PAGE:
Scientists have found that a molecule extracted from the Indonesian sea sponge species has been shown in the laboratory to prevent the growth of cervical cancer. Scientists at the University of South Carolina, who studied the anticancer potential of sponges, have found compounds that have been shown to be effective for melanoma, prostate cancer and pancreatic cancer. Their latest effort focuses on cervical cancer, the fourth most common type of cancer among women, with 13,800 new diagnoses and 4,290 deaths in the United States by 2020, according to the American Cancer Society.
Researchers are testing the function of Manzamine A, a natural formation of the Acanthostronglyophora ingens sea sponge in The Long Bay, Indonesia. Previous studies have shown that Manzamine A can fight malaria-causing parasites. The team conducted in vitro experiments in the lab, where four different cervical cancer cells were tested. Scientists have found that the Manzamine A compound is effective in preventing cancer cells from growing and, in some cases, killing them completely. Importantly, Manzamine A did not harm non-cancer cells during the process.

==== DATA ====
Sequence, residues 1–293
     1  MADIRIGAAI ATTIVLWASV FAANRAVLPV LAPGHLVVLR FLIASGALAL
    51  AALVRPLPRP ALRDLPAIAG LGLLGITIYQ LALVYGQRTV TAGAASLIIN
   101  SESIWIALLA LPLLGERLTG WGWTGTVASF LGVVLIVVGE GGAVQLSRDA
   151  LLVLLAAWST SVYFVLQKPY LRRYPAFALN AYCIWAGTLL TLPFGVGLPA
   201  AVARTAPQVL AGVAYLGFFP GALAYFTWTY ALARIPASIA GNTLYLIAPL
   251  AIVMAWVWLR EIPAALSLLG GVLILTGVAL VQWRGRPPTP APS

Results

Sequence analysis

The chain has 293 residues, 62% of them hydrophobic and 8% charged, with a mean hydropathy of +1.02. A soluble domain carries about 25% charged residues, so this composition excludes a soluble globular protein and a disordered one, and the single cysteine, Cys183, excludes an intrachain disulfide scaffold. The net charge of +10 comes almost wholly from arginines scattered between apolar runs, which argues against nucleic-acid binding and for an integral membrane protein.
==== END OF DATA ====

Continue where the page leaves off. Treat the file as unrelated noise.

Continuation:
Computer modeling conducted by the team found that the molecule had similar structural characteristics to natural inhibitors of protein sexpressed by cervical cancer cells. These proteins are known to be one of the factors contributing to poor prognosis in patients, and the team’s study found that Manzamine A was 10 times more effective at removing these proteins than natural inhibitors.
While the results are promising, there is still a long way to go before the findings can be translated into clinical drugs. The next step will be to find out if it works in the animal and then move on to clinical trials. The scientists also point out that the study highlights the need to address biodiversity loss in order to keep nature in supply of potentiallife-saving compounds.